Between Thanksgiving feasts and holiday parties, weight gain feels inevitable. Most people, however, only put on a few pounds (even if it feels like more). Here, Marijane Hynes, MD, clinical professor of medicine and founder of the Weight Loss Clinic at the George Washington University (GW) Medical Faculty Associates (MFA), tells us how we can maintain a healthy weight during cookie and pie season.
How typical is it for people to put on a little bit of weight during the holidays?
Hynes: Well, it’s very typical. The average winter weight gain is around two to three pounds during the winter. In general, a lot of people slow down a bit over the holidays, eat more, and don’t exercise as much. The problem is that because of the unusual weight gain with the pandemic, people are much more aware now of what they are eating and want to avoid more weight gain.
What can people do to maintain a healthy weight during this time?
Hynes: One thing is keeping up an exercise routine during the holidays. I think that is particularly important. A lot of that routine often falls by the wayside because people get busy. We know that when people exercise more, they tend to eat healthier and they get less hungry, which sounds counterintuitive, but it is real.
Research, which is mostly done on obese people, used to say that exercise was not as important as what goes in your mouth, but we are finding out that you must keep moving at least a half hour to hour per day to really maintain a healthy weight. Sitting for extended periods promotes weight gain.
What impact does physical exercise have on weight management? If you wanted to burn calories after Thanksgiving, for instance, would jogging a few miles or taking an aerobic exercise class make a difference?
Hynes: So, there are 3,500 calories (about 4.5 hours of running) in one pound. Most people do not realize that. If you, let’s say, had a holiday 3,500-calorie dinner, then you are not going to lose a pound by exercising the next day. But if you exercise consistently, you are going to eat less at that meal.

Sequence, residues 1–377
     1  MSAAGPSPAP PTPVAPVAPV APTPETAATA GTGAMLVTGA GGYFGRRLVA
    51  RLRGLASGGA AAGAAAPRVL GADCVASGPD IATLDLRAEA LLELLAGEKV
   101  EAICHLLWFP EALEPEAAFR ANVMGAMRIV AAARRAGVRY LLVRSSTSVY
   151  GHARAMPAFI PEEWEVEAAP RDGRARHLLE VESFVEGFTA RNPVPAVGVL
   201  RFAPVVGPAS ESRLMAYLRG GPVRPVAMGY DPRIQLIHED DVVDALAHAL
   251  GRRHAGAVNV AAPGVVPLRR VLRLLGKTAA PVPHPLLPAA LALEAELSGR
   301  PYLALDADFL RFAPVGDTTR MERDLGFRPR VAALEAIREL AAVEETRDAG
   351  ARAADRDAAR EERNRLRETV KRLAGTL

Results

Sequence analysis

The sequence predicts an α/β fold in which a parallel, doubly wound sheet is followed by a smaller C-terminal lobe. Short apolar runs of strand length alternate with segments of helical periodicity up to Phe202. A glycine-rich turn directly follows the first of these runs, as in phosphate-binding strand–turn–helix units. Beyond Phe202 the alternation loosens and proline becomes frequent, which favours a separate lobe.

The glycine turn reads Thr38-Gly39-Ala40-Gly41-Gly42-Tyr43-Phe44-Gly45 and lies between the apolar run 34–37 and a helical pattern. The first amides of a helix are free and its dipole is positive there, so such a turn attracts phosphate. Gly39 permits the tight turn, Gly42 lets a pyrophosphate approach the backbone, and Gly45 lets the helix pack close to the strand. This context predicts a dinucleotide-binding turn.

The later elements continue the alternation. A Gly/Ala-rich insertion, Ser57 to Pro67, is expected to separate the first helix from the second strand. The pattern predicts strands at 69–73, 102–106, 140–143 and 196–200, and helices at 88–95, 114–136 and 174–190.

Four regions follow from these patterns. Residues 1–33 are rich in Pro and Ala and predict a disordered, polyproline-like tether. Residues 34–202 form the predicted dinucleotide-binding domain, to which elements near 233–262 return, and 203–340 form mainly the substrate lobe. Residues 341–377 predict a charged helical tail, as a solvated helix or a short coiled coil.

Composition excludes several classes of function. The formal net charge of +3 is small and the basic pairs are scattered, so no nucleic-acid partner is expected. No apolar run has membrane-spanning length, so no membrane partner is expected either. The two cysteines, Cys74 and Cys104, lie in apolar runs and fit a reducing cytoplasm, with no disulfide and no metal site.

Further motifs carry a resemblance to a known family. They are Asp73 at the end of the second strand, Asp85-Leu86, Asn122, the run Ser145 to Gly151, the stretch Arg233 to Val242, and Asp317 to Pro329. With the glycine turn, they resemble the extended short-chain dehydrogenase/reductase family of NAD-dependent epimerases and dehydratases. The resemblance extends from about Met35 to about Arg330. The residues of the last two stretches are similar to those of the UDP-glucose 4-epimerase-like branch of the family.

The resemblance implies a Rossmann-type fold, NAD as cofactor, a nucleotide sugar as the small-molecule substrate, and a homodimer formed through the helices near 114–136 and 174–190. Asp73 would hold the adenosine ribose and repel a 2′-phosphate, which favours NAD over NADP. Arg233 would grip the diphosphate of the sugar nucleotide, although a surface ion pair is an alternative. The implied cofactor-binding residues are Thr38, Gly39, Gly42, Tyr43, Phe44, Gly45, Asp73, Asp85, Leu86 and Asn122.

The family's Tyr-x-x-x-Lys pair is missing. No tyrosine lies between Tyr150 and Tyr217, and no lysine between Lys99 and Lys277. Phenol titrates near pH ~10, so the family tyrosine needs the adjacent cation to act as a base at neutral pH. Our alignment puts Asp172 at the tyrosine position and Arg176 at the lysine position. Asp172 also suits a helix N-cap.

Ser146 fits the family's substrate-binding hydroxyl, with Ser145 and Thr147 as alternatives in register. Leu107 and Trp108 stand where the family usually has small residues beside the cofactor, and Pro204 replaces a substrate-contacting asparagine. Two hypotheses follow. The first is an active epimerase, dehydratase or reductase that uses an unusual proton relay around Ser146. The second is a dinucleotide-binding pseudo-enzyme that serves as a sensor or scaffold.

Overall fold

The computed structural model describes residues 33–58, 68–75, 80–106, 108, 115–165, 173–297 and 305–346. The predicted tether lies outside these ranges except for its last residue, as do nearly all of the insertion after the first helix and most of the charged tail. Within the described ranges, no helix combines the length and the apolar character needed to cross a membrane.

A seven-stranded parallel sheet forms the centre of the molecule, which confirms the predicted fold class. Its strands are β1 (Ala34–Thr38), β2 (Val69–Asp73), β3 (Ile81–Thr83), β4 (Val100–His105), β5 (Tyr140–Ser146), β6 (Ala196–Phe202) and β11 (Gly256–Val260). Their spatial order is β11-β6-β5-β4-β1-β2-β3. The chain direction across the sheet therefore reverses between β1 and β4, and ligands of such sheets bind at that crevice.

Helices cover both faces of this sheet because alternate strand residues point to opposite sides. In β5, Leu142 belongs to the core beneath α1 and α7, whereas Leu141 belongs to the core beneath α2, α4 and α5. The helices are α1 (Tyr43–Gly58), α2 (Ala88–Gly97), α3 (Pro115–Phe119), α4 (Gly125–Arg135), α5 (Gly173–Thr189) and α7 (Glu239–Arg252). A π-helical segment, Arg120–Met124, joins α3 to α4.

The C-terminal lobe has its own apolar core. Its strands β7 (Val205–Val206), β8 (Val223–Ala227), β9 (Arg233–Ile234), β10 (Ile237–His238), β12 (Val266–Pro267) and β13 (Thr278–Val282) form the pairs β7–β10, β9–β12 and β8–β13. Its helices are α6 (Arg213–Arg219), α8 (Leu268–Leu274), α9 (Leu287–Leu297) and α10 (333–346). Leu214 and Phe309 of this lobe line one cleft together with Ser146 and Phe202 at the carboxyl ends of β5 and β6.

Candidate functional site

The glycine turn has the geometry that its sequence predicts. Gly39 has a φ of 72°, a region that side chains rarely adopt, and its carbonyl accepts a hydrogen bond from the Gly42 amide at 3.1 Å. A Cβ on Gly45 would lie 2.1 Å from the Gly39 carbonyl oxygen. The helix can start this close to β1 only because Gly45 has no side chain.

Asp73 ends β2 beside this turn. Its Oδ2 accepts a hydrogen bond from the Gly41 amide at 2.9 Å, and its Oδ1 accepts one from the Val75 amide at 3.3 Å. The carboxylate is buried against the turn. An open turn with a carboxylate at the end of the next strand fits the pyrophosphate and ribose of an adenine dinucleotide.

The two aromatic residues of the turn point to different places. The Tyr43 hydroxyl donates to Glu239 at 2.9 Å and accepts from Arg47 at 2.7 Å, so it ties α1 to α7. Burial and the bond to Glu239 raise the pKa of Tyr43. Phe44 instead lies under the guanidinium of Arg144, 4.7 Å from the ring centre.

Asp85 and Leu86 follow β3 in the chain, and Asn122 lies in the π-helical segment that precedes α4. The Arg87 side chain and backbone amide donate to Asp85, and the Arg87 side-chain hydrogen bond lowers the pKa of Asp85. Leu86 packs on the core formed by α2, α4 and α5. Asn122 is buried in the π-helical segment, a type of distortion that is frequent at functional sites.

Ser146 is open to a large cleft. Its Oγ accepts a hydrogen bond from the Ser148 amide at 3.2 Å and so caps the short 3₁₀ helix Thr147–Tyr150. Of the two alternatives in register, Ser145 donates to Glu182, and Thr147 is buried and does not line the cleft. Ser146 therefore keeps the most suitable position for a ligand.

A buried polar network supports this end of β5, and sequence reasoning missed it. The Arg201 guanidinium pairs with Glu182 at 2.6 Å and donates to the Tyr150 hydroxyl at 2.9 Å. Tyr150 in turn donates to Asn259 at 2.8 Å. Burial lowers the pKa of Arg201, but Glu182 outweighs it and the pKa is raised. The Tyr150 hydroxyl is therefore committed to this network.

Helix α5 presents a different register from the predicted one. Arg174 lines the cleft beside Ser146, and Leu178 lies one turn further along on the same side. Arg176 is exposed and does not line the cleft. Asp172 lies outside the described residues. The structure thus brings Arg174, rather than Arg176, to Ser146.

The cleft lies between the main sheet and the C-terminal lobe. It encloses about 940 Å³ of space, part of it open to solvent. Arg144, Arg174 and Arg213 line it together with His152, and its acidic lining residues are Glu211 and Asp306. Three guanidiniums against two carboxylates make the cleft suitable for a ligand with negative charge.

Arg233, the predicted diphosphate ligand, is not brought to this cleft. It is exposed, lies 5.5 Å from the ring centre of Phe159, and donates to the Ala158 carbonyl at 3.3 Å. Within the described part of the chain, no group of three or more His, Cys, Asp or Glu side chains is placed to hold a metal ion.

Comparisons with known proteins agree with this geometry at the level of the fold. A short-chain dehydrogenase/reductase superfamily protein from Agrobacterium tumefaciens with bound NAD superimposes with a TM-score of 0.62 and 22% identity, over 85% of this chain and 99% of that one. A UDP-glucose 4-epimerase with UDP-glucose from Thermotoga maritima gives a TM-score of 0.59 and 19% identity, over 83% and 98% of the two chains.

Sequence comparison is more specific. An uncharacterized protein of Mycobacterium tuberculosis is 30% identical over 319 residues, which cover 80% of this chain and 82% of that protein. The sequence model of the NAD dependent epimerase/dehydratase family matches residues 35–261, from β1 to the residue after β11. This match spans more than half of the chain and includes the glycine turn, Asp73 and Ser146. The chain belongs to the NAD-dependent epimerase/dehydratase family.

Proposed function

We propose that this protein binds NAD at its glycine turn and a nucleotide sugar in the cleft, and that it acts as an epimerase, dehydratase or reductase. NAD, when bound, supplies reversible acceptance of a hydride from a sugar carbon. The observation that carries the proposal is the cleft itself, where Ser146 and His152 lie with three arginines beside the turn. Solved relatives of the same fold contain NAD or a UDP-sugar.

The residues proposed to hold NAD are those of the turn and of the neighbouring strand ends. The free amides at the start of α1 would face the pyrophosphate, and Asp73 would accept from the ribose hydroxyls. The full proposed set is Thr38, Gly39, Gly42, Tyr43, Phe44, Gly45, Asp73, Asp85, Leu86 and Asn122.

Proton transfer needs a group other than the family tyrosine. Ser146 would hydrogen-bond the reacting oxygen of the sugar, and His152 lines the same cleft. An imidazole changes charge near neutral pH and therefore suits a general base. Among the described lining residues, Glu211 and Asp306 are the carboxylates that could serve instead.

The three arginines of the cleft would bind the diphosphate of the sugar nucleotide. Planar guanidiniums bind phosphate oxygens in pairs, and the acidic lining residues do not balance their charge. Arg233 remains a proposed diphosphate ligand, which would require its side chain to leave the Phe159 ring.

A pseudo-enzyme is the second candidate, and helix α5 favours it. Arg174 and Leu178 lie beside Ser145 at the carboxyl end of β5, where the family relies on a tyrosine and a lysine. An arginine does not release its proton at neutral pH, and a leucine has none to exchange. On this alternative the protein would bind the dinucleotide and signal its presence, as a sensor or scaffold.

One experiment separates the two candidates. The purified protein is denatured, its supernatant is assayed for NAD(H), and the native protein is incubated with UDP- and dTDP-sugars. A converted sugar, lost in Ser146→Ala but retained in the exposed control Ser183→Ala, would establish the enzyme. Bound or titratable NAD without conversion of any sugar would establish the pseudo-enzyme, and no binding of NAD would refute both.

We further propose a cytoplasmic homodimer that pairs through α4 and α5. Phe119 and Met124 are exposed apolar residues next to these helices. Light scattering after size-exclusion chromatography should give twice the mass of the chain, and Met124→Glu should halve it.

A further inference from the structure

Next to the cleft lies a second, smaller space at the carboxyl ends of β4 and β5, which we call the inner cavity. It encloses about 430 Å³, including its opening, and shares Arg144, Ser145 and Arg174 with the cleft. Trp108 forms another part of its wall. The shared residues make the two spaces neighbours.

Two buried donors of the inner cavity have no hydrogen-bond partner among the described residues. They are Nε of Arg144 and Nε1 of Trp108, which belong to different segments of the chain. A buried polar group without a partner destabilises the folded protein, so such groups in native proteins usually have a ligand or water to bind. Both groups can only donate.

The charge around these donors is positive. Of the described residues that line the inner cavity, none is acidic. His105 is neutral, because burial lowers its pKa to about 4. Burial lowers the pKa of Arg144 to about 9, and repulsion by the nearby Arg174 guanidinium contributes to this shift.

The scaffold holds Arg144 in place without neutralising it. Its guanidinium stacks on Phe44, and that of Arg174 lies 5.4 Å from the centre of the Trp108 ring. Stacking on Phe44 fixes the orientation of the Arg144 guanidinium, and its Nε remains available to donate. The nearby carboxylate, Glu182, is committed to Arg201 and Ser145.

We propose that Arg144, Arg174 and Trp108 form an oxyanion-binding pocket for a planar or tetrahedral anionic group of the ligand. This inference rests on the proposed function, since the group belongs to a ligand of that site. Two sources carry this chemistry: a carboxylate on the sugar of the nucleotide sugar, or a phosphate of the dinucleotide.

What people tend to do is skip lunch and then go to a holiday dinner, and that is not a good thing. You may not have a big lunch, but you do not want to skip meals in anticipation of a bigger meal because people tend to eat more when they skip meals. You could have a regular breakfast, a little bit lighter lunch but still have something, and then you will not go to a huge dinner hungry. You also should not go thirsty because people will tend to drink more alcohol when they are just thirsty. Alcohol is also an appetite stimulant, so people tend to eat and drink more when they drink alcohol.
What techniques would you recommend for people who find themselves snacking a lot during the day?
Hynes: I always ask my patients who snack a lot, “What's going on while you’re snacking? Are you hungry? Are you bored?” Boredom contributes an awful lot to people snacking inadvertently. I try to make my patients more aware of what they are doing when they are just snacking. It can be helpful to think, “Am I really hungry?”
You should not have a lot of snack food in the house. We always tell our patients to get rid of any food you cannot handle. Even if it is healthy, like grapes, if you know you are going to eat a whole bag of grapes, you should not be buying it. If you have a [craving] for some potato chips, for example, I tell people to get a small bag and eat them outside of the house. If they are in your house, they are in your belly. It is just a matter of time.